ll works are printed using pigment-based inks on Hahnemühle archival paper, variable dimensions, edition of 3+1 ap.
“Quasi-Objects” is an art project consisting of 3d generated videos and prints, a practice of “organic re-design” – started in 2003 and still in progress – that aims to stimulate thought and dialogue on the progressive relativisation of natural forms of life as a result of techno-biological evolution.“Quasi-Objects” regards data actualization, the production of biologically non-functional organisms and ecosystems as transient output of an operative practice: aesthetics of process.
“Life is a real and autonomous process independent from any specific material manifestation.”

Neri Oxman

Computational growth across material and urban scales offers a framework for design through self-organization, enabling the generation of vast, diverse forms exhibiting characteristics like those that emerge through the biological growth processes found in Nature. In this project, we construct an oriented volume spanned by surface normals of the shape at every point. The value of the oriented volume drives the iterative deformation of the shape. Depending on the parameterization of this process, we can obtain distinctly different growing forms. Importantly, the emergence of these forms is driven only by the time evolution of a geometric operator acting on the shapes iteratively, thereby connecting geometry and growth through an algorithm. To form the Man-Nahata landscape, the buildings of the urban landscape are transformed through repeated morphological closing operations, where the field of influence follows a gradient from the center to the outskirts of a circular region.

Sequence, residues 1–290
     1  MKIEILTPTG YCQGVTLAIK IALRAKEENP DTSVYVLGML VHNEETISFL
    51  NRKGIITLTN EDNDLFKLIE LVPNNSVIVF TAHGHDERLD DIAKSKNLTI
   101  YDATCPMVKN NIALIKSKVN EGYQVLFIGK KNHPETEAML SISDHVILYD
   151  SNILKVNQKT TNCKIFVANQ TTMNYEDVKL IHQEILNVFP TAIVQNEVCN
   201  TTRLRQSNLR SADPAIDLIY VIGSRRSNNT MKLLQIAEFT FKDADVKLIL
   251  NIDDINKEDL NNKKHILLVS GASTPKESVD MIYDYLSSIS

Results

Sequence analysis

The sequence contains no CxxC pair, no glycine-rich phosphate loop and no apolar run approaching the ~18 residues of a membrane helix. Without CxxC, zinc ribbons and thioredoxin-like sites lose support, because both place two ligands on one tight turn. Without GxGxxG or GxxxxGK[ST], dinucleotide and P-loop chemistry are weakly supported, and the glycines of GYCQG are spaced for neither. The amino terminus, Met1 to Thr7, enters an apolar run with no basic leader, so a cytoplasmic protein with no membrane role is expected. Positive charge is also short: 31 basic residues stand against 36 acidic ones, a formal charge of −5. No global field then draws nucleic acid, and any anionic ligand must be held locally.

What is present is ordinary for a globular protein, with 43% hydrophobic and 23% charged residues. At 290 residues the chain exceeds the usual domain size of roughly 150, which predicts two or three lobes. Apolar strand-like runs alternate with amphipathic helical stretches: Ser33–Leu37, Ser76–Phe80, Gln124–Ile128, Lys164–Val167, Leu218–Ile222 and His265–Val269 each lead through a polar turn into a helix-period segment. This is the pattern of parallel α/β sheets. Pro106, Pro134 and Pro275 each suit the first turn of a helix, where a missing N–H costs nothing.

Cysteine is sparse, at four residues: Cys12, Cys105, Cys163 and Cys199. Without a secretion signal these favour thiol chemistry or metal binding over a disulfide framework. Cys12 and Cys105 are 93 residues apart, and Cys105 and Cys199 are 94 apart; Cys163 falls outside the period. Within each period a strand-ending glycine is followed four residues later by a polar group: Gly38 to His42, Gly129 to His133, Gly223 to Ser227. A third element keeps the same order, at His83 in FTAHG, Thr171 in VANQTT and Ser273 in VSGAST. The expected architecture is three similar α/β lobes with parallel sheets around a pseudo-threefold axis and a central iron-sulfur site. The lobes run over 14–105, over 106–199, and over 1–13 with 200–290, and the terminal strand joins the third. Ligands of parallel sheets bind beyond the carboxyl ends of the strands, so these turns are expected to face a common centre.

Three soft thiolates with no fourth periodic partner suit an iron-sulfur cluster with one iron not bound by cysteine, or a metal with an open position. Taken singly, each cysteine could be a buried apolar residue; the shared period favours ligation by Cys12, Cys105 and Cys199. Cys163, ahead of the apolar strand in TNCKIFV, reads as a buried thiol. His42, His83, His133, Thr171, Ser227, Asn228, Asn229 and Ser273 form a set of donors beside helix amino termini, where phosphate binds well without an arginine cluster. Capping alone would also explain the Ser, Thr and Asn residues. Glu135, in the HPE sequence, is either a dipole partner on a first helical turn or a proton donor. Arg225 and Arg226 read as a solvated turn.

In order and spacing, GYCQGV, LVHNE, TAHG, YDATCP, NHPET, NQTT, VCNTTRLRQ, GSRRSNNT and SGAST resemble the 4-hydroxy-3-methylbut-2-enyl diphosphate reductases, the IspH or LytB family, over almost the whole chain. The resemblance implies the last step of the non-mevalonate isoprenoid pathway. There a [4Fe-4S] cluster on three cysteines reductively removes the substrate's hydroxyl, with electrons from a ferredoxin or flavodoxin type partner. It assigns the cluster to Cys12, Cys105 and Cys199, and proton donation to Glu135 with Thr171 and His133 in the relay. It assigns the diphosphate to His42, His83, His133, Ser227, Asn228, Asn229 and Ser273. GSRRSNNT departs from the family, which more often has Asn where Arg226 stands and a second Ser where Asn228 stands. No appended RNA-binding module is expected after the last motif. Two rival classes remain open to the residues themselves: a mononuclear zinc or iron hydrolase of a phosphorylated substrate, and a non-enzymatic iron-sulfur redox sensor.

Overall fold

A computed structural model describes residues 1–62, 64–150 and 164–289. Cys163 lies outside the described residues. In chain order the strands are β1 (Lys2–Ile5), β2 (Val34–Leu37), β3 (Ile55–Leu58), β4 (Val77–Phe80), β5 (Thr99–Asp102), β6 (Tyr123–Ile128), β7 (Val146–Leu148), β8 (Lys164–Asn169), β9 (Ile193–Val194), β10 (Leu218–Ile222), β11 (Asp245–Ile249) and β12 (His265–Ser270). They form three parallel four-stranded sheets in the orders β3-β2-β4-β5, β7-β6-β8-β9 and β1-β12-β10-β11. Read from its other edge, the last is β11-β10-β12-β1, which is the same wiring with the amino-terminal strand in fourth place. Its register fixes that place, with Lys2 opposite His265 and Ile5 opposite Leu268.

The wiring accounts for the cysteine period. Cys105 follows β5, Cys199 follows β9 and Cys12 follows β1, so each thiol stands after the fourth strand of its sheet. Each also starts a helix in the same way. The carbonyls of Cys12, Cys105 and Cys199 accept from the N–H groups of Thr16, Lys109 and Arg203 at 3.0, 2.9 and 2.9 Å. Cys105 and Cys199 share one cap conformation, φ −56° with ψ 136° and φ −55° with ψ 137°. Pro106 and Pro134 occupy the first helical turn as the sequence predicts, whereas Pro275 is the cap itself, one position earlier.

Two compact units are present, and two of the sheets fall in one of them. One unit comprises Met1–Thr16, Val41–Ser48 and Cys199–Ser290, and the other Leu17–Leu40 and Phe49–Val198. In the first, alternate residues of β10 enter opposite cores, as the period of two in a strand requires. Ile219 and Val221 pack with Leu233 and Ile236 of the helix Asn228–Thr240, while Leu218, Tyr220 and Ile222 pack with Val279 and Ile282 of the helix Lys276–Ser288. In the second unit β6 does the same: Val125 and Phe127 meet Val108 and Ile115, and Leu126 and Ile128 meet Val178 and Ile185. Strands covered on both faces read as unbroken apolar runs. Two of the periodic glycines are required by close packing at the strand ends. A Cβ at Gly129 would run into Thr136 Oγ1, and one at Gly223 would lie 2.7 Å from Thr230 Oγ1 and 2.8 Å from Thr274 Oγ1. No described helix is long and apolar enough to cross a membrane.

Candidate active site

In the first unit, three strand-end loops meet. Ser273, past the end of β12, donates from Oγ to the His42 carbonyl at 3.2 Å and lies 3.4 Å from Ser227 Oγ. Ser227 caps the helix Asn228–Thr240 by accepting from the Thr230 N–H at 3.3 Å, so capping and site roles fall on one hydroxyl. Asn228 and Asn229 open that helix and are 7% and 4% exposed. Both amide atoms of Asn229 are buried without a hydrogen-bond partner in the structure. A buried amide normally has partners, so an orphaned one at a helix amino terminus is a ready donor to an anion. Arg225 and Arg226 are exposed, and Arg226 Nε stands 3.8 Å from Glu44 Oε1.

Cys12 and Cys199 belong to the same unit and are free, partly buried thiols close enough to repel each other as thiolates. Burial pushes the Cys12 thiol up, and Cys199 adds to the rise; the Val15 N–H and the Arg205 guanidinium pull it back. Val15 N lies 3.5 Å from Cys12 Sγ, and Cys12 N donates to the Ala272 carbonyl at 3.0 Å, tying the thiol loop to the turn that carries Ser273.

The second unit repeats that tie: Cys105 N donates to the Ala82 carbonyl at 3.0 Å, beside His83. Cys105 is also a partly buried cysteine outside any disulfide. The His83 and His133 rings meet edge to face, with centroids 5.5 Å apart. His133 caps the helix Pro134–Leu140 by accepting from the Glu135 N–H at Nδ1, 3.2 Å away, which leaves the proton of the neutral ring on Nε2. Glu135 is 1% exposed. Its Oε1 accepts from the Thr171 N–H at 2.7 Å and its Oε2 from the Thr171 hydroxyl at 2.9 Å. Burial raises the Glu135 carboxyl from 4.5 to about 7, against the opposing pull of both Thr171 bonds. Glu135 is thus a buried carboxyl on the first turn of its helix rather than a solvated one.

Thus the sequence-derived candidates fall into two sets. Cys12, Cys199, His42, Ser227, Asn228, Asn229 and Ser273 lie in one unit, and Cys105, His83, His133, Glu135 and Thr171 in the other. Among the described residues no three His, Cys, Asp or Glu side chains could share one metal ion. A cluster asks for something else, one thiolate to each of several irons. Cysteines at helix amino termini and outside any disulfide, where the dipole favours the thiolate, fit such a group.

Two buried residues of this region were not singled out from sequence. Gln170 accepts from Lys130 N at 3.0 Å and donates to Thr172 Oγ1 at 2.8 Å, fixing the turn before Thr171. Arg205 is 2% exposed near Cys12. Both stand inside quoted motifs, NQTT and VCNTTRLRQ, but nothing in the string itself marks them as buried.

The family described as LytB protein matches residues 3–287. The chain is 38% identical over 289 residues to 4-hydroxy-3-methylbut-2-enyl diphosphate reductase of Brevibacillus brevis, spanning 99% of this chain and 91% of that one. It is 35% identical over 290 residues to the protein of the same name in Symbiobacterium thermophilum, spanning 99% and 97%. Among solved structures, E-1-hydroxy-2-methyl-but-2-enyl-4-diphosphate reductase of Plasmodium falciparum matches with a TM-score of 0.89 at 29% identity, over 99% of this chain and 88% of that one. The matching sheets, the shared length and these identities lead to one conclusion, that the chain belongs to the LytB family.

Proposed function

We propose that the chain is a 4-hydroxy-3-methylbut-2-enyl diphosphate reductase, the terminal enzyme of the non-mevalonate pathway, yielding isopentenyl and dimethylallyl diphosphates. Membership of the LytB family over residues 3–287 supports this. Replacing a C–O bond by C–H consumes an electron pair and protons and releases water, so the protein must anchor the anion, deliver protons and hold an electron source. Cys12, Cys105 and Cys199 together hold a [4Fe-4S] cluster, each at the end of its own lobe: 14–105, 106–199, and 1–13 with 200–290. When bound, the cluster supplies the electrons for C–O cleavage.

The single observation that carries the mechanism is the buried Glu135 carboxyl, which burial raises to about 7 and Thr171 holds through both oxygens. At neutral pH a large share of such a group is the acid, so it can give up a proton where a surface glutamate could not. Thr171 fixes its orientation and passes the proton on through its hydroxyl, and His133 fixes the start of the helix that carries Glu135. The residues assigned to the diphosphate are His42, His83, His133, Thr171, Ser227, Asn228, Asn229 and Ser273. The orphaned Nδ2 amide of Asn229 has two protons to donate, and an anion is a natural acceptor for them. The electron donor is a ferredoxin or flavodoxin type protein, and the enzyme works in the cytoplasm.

Xenobots – the First “Living Robots”
Researchers used the Deep Green supercomputer cluster and an evolutionary algorithm to design new life-forms that could achieve an assigned task. Then they built them by combining together different biological tissues from Xenopus laevis embryos, hence the name Xenobots.
Credit:A scalable pipeline for designing reconfigurable organisms
Sam Kriegman, Douglas Blackiston, Michael Levin, and Josh Bongard
PNAS, DOI: 10.1073/pnas.1910837117